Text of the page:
Cleckheaton’s oldest surviving business is closing its doors for the final time.
Siddall’s Colour Printing, which is based in Horncastle Street, has been running for nearly 170 years – but increasing competition and the economic downturn has forced it to merge with Leeds firm Mercury Printing.
The company, which was set up in 1845, was the brainchild of printer John Siddall, who also set up the town’s first ever newspaper, the Cleckheaton Advertiser, which ran until 1868. Siddall built up an impressive range of clients throughout the 19th century, and the business stayed in the hands of the Siddall family until the 1990s.
Manager Jim Frost has been working at Siddall’s since completing his apprenticeship in 1970, and is in a unique position to talk about the history of industry in the area.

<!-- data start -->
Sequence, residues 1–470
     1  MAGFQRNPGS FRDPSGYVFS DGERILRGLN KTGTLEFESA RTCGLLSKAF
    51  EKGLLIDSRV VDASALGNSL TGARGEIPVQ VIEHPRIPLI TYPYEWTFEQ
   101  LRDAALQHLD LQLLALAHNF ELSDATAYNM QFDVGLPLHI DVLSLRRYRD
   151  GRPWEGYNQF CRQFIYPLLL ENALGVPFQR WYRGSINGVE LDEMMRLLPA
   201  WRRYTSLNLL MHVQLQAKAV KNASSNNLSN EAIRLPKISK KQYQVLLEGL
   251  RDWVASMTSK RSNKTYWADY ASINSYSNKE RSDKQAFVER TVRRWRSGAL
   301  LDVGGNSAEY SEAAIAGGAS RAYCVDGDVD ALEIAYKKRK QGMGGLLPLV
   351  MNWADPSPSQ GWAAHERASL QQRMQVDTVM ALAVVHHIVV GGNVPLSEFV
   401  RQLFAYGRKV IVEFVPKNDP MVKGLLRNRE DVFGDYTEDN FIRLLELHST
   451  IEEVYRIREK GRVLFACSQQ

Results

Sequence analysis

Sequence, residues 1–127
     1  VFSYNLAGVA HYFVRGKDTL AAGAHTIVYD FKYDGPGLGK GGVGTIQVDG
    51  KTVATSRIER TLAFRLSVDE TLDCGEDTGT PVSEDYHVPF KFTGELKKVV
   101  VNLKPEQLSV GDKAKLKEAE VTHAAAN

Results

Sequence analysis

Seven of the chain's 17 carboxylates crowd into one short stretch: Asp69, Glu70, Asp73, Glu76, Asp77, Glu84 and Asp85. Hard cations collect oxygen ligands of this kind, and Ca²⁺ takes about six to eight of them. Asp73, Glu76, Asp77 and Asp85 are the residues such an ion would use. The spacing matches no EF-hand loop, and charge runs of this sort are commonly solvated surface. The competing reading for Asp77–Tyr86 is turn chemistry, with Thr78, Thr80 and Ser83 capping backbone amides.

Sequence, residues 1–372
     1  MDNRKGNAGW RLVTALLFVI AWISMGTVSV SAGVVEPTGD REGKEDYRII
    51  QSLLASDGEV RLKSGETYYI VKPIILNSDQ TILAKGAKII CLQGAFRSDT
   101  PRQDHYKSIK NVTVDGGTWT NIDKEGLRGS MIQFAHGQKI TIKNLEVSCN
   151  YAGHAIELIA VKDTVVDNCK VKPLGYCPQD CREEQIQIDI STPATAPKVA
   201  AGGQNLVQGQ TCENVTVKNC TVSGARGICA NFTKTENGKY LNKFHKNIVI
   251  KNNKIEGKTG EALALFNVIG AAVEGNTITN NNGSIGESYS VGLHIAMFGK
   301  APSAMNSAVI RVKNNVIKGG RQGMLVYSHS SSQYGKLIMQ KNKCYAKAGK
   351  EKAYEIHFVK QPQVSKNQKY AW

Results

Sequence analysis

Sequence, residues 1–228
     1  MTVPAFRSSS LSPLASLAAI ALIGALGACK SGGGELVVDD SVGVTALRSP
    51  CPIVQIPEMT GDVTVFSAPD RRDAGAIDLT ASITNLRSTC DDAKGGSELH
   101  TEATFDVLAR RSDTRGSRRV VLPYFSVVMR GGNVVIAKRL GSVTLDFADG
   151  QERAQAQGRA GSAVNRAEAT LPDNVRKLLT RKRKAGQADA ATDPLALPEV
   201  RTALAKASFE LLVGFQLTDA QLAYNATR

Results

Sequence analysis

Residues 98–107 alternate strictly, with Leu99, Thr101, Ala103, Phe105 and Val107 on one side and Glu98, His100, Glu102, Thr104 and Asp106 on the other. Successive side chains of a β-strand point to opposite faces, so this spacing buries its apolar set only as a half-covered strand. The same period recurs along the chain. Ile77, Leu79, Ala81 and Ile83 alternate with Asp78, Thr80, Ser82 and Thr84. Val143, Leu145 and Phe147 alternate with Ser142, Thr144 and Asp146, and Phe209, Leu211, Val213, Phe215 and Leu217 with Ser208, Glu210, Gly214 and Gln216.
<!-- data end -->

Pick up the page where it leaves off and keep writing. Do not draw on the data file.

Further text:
He said: “Traditionally, we always had a lot of businesses from in and around the Spen Valley use our services. Back when I started, there were a lot more factories round here, such as British Rope and Norwood Textiles, it’s amazing what a rich industrial past we have in Cleckheaton.
“Nowadays, we have more clients based out towards Huddersfield than we do in the Spen Valley – I guess it’s just a sign of the times.”
The site, in Horncastle Street, has been the company’s home since 1928, and has echoes of printing’s 19th and 20th-century heyday, but its towering stacks of type-cases and numerous pieces of machinery now lie practically dormant.
Jim said: “One of the reasons we are having to move is because, in printing, you always need to be buying new equipment to keep going – and these days, printing has mostly gone digital, and we cannot keep up.”
A giveaway will be taking place from Monday at Siddall’s, including free paper available to anyone who wants it.